In the most famous example of rock-on-rock catastrophe, the Earth was slammed 65 million years ago by a massive rock formation that created an enormous crater in the Yucatan Peninsula and probably caused the extinction of the dinosaurs. Everyone recognizes the devastating effect of the dino-death asteroid, Jaroff points out, but many people are still hesitant to assign any real significance to asteroid studies. "The scientists who began looking for information back in the 1970s were hamstrung by a general lack of funding. They were greeted in Congress by giggles."
This reaction, while not uncommon, is not realistic given the history of serious collisions, says Jaroff, and the possibility of future events. "We now have a catalog of 200-odd asteroids more than a kilometer across whose trajectories bring them very close to Earth's orbit. A piece of rock that's a kilometer or larger would have worldwide consequences if it hit the planet." Specifically, the sky would go dark with ash, plant life would die and existence would be generally much less enjoyable. And even if a relatively small asteroid were to make contact with a major metropolitan area, Jaroff says, the resultant injury would not be wholly dependent on the rock's size. "An asteroid 300 yards across would cause immense damage in a large city. The speed at which these things travel means that if one came to a sudden stop, as in a collision, the energy of the speed would be converted into almost inconceivable amounts of heat."
The force of these grim tidings is tempered by the knowledge that U.S. government agencies have been working alongside the country's most prestigious research facilities to conjure up ways of dealing with these hurtling rocks should an asteroid ever establish itself as a threat. "Once they've identified the asteroid," Jaroff says, "scientists can predict years, even decades ahead of time whether it will intersect the Earth's orbit at a moment when the Earth is there." And should scientists discover such a scenario looming on the horizon, Jaroff says there are many ways to engage, deflect or destroy the giant rocks, including the controlled use of nuclear bombs, whose blasts could nudge the asteroids off their collision course with Earth. While all this research costs a taxpayers pretty penny, Jaroff points out the money is really pretty insignificant, especially when "the alternative is total annihilation."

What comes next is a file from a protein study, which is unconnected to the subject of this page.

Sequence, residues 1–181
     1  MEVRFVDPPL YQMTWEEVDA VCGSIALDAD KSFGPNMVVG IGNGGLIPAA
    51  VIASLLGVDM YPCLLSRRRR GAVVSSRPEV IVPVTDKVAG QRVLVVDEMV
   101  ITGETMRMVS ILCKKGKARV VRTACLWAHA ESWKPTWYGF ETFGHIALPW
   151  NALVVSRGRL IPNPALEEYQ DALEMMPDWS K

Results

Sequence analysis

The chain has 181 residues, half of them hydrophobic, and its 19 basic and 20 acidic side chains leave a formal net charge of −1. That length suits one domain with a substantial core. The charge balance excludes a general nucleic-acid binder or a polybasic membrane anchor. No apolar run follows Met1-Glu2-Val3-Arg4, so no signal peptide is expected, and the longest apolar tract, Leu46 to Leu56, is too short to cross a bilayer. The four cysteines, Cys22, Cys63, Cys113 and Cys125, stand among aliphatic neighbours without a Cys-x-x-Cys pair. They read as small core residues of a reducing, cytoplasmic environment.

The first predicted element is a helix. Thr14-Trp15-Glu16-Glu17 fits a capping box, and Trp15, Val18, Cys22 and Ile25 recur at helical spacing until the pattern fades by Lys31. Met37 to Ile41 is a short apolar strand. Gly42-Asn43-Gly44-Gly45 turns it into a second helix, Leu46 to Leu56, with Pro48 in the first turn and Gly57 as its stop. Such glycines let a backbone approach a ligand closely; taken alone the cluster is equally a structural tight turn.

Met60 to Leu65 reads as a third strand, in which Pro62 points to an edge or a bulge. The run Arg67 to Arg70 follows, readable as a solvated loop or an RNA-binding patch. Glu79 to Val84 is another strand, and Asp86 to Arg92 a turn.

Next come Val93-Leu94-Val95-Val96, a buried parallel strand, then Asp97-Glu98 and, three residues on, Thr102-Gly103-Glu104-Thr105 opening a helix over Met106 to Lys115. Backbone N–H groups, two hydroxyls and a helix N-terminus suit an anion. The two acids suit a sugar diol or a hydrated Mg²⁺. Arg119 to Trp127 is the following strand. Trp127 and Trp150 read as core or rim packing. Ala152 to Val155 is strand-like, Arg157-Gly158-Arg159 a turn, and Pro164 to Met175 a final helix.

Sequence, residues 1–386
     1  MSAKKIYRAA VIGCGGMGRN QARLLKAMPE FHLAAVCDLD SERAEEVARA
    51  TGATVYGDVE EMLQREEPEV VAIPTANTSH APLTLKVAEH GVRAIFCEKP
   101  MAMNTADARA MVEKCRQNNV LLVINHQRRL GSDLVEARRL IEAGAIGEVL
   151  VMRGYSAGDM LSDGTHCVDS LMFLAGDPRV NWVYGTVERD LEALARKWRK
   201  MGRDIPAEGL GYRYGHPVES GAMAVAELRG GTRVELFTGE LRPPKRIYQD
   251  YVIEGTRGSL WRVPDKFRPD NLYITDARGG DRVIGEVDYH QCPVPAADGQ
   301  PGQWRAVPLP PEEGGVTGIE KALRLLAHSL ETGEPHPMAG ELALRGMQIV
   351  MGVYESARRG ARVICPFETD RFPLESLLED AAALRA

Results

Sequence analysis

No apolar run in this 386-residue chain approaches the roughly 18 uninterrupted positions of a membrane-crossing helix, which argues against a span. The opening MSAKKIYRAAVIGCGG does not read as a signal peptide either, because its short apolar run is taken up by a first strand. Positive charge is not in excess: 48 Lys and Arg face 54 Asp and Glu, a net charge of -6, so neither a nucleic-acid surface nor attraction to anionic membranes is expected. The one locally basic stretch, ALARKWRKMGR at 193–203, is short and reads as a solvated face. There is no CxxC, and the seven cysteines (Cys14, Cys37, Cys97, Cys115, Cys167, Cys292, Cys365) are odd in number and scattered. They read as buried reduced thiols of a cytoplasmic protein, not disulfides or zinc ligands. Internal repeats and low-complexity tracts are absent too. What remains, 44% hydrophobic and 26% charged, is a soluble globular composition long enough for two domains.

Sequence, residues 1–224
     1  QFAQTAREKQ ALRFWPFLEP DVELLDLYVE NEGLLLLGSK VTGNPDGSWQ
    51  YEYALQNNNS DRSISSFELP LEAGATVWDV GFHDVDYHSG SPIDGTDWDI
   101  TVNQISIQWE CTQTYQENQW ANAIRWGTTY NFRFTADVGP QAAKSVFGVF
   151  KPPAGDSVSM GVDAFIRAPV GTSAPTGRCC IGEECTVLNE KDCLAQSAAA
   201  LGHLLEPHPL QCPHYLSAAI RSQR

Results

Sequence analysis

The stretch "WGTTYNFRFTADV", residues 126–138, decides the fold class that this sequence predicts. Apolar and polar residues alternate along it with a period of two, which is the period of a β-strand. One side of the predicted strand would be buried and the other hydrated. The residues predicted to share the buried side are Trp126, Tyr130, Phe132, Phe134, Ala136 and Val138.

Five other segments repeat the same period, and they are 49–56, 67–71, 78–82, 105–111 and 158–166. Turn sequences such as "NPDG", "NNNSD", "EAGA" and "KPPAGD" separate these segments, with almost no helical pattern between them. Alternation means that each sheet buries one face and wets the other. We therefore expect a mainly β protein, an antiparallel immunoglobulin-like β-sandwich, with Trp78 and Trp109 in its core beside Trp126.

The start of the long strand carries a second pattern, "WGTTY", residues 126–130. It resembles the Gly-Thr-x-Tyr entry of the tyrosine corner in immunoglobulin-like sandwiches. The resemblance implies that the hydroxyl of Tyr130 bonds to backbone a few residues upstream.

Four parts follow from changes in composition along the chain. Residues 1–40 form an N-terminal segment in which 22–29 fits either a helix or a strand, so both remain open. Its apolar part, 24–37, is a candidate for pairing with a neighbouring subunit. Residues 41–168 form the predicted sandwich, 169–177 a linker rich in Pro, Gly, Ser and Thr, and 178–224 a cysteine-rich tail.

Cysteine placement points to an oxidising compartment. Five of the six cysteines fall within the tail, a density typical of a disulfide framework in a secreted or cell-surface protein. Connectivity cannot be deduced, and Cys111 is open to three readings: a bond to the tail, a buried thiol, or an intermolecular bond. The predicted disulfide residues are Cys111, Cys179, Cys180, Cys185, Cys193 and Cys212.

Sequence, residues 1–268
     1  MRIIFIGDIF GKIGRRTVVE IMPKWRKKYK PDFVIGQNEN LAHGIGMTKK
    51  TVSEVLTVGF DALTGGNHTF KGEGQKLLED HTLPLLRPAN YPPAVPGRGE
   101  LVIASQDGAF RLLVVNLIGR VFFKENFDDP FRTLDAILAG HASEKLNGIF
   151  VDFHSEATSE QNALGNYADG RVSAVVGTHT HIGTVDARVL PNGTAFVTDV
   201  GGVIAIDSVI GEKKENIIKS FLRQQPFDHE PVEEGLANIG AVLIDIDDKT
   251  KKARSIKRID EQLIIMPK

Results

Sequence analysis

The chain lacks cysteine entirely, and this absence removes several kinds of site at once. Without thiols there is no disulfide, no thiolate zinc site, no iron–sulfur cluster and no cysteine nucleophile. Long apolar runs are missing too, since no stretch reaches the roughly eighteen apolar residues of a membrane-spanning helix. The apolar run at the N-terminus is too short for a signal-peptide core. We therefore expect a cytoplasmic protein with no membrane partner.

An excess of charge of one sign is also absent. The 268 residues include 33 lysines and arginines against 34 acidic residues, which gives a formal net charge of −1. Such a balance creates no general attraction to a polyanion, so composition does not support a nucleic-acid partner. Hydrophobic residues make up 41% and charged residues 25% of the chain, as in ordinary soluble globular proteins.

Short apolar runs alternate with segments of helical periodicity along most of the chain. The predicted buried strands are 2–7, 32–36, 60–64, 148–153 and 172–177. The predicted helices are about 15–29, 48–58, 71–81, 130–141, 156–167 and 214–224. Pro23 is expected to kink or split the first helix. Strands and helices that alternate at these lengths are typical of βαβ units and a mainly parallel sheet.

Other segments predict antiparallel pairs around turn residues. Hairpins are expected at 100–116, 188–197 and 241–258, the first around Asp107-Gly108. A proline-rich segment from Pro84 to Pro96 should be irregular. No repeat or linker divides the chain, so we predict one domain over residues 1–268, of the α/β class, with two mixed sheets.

This is a case where the public and scientists search for a state of mind that eschews panic but retains its focus. The chance of a truly devastating asteroid hitting the Earth is "small but real," says TIME science writer Jeffrey Kluger. "But let's face it," he adds, "it's like a big billiard table out there," with rocks and planets and moons zipping around each other in space. Some folks may never admit that there is any risk, and reject the need for taxpayer-funded research: Even after the widespread success of the summer disaster movies, "Armageddon" (which Jaroff calls "ridiculous") and the "far more realistic" "Deep Impact," legions of nonbelievers remain. And while Jaroff sometimes finds it difficult to educate the most die-hard skeptics of the real risk posed by asteroids, he keeps trying. "I used to tell people that even if an asteroid were to break into relatively small pieces, each of those pieces would have the power to destroy Cleveland. But," he muses, "no one seemed to care."